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Imperial Gazetteer of India, v. 20, p. 57.

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some other prisoners. As soon as regular warfare commenced, Mir
Kasim's successes came to an- end. He was defeated in two battles
by Major Adams, at Giria on August z, and at Udhua Nullah on
September 5. These defeats roused the Nawab to exasperation, and
on September 9 he wrote to Major Adams : `If you are resolved to pro-
ceed in this business, know for a certainty that I will cut off the heads
of Mr. Ellis and the rest of your chiefs, and send them to you.' This
threat he carried out on the evening of October 6 with the help of
a renegade named Walter Reinhardt, who was known to the Muham-
madans as Sumru. About 6o Englishmen were murdered, their bodies
being thrown into a well in the compound of the house in which they
were confined, and about 150 more met their death in other parts of
Bengal. This massacre was followed by an active campaign in which
the English were everywhere successful; and finally in August,
1765, after the decisive battle of Buxar, the administration of Bihar,
Bengal, and Orissa was made over to the East India Company. An
English Resident was appointed at Patna; but the administration of
Bihar, which then comprised only Patna and Gaya Districts-Patna
city itself being regarded as a separate charge--remained in the hands
of natives. In 1769 English Supervisors were appointed, and in 1770
a Council for Bihar was established at Patna. In 1774 the Supervisors,
who had meanwhile been designated Collectors, and the Council for
Bihar were abolished, and a Provincial Council was established at
Patna. This lasted till 1781, when Bihar was made a District under a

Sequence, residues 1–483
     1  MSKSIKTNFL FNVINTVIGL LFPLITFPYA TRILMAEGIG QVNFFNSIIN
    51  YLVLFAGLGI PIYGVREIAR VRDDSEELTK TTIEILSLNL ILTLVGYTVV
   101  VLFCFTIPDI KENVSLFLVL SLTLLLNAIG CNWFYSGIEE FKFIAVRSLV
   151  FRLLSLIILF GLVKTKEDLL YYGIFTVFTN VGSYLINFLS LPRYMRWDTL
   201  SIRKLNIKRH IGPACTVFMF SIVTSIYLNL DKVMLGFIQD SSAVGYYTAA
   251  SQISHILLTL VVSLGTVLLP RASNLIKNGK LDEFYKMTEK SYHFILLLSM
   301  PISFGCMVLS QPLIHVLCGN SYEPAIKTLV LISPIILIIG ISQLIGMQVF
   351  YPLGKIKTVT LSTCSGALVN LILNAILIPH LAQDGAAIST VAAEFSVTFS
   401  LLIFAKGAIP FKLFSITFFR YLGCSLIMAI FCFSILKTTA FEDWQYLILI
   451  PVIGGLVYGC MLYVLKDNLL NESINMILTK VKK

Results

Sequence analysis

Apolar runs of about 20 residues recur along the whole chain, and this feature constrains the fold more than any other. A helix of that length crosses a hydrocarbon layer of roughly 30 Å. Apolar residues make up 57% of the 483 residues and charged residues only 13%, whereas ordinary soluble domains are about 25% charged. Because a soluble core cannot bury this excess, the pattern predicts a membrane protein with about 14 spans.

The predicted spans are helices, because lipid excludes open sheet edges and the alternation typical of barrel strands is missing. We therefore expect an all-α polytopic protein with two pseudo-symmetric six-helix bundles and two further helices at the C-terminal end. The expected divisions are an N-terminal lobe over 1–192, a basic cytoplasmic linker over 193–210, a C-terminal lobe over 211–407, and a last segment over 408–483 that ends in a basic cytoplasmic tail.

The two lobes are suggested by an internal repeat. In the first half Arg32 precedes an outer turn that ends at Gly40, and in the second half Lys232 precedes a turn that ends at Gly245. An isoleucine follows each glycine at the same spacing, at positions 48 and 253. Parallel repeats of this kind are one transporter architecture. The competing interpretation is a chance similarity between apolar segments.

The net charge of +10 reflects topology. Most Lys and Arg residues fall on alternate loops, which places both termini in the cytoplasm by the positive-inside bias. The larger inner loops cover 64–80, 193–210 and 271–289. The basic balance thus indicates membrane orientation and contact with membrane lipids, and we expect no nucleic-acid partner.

Collector and a Judge-Magistrate. In 1865 it was divided into Patna
and Gaya Districts, the Bihar subdivision being included in the former,
and nineteen estates were transferred from Patna to Tirhut in 1869,
thus constituting the District as it now exists.
The other important event in the modern history of the District is
the mutiny of the sepoys stationed at Dinapore, the military station
attached to Patna city. The three sepoy regiments at this place in
1857 were the 7th, 8th, and 40th Native Infantry. General Lloyd, who
commanded the station, wrote expressing his confidence in their loyalty,
and they were accordingly not disarmed; but as the excitement in-
creased throughout Bihar, and stronger measures seemed in the opinion
of the Commissioner, Mr. Tayler, to be necessary, the general, while
still apparently relying on the trustworthiness of the men, made a half-
hearted attempt at disarming the sepoys. The result was that the
three regiments revolted and went off in a body, taking with them
their arms and accoutrements, but not their uniforms. Some took to
the Ganges, where their boats were fired into and run down by a
steamer which was present, and their occupants shot or drowned. But
the majority were wiser, and hastened to the river Son, crossing which
they found themselves safe in Shahabad. The story of what took place
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